By: Helm Construction Solutions (buildhelm.com)
This toolkit was developed by Kate Stephenson and Mel Baiser of HELM Construction Solutions with help and feedback from many of our colleagues in the building trades and social justice movements. It includes topics like:
- Defining the Challenge
- Changing Company Culture
- Hiring and Retaining a Diverse Team
- What is Privilege?
- Becoming an Ally
- Additional Resources
“We recognize this is just a first step towards raising awareness of these issues in our industry and our workplaces, but we felt the need to start somewhere.”
“Our goal is to increase the number of women, trans and gender non-conforming folks in the building trades, and to offer some specific help to progressive business owners who want to help but don’t know how to approach the problem.” – Kate Stephenson
If you have feedback on the Toolkit, ideas to share, or suggestions for additions, please email email@example.com.
HELM Construction Solutions works with owners, designers and builders to create high performance and sustainable buildings and businesses. HELM provides a range of innovative services to help your business and your projects run smoothly and efficiently. We are committed to high performance and sustainable building practices that are not only right for the environment, but result in more durable buildings, better indoor air quality, comfort and a significant reduction in the operating costs of your home or business. HELM is a collaborative team with over thirty years of combined construction, management, leadership and education expertise.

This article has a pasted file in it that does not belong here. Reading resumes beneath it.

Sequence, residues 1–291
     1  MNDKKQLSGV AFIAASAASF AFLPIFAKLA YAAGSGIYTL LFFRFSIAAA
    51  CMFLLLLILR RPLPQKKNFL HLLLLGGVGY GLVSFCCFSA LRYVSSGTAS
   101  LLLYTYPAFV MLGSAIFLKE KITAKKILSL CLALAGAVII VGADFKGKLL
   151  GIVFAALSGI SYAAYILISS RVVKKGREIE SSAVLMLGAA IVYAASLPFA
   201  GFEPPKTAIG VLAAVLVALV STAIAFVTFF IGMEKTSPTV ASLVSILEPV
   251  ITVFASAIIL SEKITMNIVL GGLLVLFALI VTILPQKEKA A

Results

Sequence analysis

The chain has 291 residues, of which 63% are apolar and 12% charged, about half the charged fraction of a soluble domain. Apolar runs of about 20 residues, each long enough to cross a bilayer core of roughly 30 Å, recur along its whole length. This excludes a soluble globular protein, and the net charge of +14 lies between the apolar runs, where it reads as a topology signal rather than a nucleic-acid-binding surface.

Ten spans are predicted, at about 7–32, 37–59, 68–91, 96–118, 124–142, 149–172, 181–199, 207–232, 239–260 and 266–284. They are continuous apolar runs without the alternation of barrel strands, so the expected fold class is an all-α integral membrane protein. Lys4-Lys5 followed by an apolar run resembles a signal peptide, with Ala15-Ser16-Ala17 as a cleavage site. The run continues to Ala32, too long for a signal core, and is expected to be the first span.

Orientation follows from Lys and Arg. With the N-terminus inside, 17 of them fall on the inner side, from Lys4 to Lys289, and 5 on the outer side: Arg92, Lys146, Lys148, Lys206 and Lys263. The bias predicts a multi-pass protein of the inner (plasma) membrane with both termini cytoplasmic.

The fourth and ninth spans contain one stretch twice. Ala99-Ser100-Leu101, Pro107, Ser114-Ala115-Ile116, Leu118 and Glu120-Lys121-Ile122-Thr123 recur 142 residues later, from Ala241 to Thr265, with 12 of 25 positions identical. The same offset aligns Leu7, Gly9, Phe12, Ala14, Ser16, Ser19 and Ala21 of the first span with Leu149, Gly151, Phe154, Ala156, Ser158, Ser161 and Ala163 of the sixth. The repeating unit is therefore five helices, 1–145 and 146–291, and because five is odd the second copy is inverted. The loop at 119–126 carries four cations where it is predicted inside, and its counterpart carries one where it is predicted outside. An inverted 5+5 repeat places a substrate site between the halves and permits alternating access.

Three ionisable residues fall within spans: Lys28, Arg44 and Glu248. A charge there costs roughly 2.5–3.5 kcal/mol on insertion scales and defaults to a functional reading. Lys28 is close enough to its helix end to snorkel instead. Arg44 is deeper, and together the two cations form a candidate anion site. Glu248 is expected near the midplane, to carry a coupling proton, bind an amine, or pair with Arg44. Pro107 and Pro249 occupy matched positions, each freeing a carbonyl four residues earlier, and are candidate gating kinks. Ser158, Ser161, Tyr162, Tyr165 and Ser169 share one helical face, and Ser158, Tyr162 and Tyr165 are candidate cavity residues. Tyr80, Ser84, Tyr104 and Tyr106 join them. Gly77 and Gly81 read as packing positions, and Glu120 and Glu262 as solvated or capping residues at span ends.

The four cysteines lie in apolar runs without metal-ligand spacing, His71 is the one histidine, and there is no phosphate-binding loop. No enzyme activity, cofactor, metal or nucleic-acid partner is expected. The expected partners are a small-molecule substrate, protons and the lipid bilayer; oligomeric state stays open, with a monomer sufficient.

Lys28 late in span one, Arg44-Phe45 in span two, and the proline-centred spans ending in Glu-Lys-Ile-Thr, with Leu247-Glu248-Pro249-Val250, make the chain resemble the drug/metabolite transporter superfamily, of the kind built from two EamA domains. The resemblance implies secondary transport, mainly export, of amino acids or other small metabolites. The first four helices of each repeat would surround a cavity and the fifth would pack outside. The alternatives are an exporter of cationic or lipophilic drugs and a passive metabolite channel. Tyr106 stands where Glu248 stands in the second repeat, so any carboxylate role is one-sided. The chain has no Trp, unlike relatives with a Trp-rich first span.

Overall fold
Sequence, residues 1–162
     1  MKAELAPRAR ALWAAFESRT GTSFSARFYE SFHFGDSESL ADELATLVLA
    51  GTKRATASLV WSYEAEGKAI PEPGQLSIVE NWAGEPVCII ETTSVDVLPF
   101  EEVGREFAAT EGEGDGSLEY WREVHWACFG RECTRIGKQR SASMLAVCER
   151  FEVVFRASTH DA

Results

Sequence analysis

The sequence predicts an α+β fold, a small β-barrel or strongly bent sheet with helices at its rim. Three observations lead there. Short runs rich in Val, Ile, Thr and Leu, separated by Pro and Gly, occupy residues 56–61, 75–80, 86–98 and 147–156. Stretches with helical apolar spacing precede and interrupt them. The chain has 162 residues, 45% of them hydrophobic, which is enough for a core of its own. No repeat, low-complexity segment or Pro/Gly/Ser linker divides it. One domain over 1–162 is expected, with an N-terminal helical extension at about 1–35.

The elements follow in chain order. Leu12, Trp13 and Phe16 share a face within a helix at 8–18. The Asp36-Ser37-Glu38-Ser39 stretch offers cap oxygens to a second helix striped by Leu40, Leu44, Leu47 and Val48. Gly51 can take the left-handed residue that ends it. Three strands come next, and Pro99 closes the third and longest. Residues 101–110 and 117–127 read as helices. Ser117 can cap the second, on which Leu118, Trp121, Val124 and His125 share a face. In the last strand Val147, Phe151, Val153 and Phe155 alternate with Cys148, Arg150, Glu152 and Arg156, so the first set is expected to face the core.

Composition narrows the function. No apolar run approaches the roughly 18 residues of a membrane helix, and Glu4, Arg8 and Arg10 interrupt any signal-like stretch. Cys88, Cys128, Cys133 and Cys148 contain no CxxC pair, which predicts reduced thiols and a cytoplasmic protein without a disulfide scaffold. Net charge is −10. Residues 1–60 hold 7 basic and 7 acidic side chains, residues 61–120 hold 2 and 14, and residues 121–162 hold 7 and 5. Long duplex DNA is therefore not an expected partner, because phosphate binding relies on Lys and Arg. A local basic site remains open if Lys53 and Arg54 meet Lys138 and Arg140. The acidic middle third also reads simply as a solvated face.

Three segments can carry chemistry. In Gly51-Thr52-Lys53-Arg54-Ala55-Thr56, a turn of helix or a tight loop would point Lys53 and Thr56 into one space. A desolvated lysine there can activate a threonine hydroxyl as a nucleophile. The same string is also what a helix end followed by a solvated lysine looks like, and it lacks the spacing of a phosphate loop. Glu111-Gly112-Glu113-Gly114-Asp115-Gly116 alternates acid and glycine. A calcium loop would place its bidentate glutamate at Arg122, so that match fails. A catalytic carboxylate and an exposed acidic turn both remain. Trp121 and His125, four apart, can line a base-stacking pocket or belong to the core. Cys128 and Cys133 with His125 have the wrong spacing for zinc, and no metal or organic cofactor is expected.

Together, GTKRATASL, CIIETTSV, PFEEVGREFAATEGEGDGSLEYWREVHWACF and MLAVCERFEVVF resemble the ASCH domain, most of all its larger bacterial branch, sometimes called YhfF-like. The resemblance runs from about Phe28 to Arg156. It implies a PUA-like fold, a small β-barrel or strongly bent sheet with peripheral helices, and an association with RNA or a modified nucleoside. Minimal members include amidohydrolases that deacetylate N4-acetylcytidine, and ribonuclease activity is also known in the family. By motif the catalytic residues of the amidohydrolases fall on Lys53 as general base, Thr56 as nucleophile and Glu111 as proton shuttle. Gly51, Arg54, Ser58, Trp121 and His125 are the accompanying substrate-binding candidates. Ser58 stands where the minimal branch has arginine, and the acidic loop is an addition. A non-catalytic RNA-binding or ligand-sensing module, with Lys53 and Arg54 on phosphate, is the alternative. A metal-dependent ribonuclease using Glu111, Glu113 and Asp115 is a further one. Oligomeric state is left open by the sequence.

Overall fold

[x_button shape=”square” size=”regular” float=”none” href=”http://changethestoryvt.org/wp-content/uploads/2016/12/Breaking-Down-Bias-v1.0-September-2016.pdf” title=”Download the toolkit” target=”blank” info=”none” info_place=”top” info_trigger=”hover”]Download the toolkit.[/x_button]
Source: Harvard Business Review
Authors: David Rock, Heidi Grant Halvorson, Jacqui Grey
“In numerous studies, diversity — both inherent (e.g., race, gender) and acquired (experience, cultural background) — is associated with business success. For example, a 2009 analysis of 506 companies found that firms with more racial or gender diversity had more sales revenue, more customers, and greater profits. A 2016 analysis of more than 20,000 firms in 91 countries found that companies with more female executives were more profitable. In a2011 study management teams exhibiting a wider range of educational and work backgrounds produced more-innovative products. These are mere correlations, but laboratory experiments have also shown the direct effect of diversity on team performance. In a 2006 study of mock juries, for example, when black people were added to the jury, white jurors processed the case facts more carefully and deliberated more effectively.
Under increasing scrutiny, and mindful of the benefits of diversity on the bottom line, many companies are trying to recruit and retain a more diverse workforce. Success has so far been marginal. With so much at stake, why aren’t these companies making more headway? One reason could be that, despite the evidence about their results, homogenous teams just feel more effective. In addition, people believe that diverse teams breed greater conflict than they actually do. Bringing these biases to light may enable ways to combat them.”